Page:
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How a Company Secretary can add Value in the Boardroom

The role of a company secretary has evolved from that of being merely an administrative role to ensuring increased focus on good corporate governance practices in organisations.

This additional importance of the role has been greeted with legislative reforms across a number of countries. In Ghana, for example, eligibility requirements have been introduced for company secretaries and companies are now required to appoint only those who have technical knowledge or a special set of skills in corporate governance to the role.

As the provider of a crucial corporate governance advisory service, there are several ways in which a company secretary can add value in a boardroom, as set out below.

Documentation of Policies and Practices

It is important that the roles, functions, obligations, rights, responsibilities and powers of the board are clearly documented and are available to all board members. A company secretary must ensure that there is a board charter or manual in place to regulate the board and that this charter incorporates industry requirements as well as good corporate governance standards. Terms of reference for board committees and key policies such as a delegation of authority must, also, be put in place and be reviewed regularly to ensure adherence to best practices. It is important to ensure that these policies and practices are provided to new directors during their formal induction.

Board Evaluations and Board Assessments

A company secretary must facilitate the undertaking of performance assessments for the board and its members to evaluate their effectiveness and performance. This can be in the form of annual board evaluations and such assessments should be based on set targets, which may be varied from time to time. A company secretary must work with the chairperson of the board to ensure that action plans that come out from such evaluations turn into results.

Legislative and Corporate Governance Updates

One of the core functions of a company secretary is to inform the board of relevant legislation applicable to it and its meetings. The board must be informed of new and possible changes to the Companies Act as well as best corporate governance practices to ensure adherence to these at all times. Timely updates will also ensure that the company can plan in advance before the implementation of any new amendments or policies.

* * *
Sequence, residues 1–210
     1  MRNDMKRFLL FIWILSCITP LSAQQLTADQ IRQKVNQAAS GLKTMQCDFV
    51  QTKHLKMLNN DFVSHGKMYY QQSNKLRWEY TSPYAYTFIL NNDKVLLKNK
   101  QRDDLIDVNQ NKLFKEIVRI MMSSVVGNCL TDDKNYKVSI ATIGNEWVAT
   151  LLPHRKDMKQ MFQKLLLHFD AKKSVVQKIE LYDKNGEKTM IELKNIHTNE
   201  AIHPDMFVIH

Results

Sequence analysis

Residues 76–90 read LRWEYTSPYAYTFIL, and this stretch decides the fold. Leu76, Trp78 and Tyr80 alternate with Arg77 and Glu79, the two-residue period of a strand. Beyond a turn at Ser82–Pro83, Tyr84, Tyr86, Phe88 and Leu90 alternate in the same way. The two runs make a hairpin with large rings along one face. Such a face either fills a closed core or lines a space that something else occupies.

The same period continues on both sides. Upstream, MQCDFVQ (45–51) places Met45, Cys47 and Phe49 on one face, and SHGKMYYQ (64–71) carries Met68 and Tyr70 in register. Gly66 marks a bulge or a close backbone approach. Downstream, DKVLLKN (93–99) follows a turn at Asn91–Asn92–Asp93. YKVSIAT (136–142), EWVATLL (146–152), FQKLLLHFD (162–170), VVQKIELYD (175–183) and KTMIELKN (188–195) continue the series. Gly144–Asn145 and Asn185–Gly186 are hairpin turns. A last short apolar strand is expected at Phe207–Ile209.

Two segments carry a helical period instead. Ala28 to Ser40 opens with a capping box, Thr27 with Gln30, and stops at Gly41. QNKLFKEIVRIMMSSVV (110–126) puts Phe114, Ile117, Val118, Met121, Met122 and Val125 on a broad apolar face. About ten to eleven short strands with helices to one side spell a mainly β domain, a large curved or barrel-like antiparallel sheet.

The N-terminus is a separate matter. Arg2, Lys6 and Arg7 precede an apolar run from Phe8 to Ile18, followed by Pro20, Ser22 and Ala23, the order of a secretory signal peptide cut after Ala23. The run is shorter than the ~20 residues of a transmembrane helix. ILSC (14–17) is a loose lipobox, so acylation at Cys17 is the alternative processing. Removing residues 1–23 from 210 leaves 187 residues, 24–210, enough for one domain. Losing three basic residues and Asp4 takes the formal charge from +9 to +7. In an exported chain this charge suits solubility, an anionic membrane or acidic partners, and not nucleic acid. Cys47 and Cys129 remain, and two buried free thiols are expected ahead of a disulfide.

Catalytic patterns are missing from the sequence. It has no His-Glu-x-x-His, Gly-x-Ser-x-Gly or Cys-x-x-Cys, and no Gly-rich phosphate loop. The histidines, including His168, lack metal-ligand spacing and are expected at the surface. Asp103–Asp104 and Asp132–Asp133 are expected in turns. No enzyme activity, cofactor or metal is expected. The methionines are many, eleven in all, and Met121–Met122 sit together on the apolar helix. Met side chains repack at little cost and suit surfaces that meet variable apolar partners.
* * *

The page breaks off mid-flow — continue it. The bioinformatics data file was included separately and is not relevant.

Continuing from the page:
Organisation of Board Meetings

The success of board meetings largely depends on the company secretary. A company secretary must ensure that adequate notice is provided to all directors for board meetings. The efficiency and effectiveness of directors at meetings is also largely dependent on the quality of information received ahead of such meetings. The job of the company secretary is to ensure that board papers are received on time by directors to afford them an opportunity to review them ahead of the meeting. Pre-board meetings should also be held with the chairperson of the board and management of the company to finalise the agenda for the meetings, timelines for board papers, and other relevant matters. It is also important that the company secretary ensures that a board calendar is drafted for each year to ensure that all relevant matters are covered in the agenda for board meetings planned in a particular year.

Stakeholder Management

The company secretary serves as a liaison between the shareholders, board and management and must communicate decisions of the board to management. It is important for a company secretary to cultivate a good working relationship with these crucial stakeholders to ensure the smooth running of the business. Having regular pre- and post-board meetings with the chairperson of the board and the Chief Executive Officer is one way of achieving this.

By taking care of the above in a detailed and pro-active manner, company secretaries support board and business performance, which allows for economic growth and impacting others positively.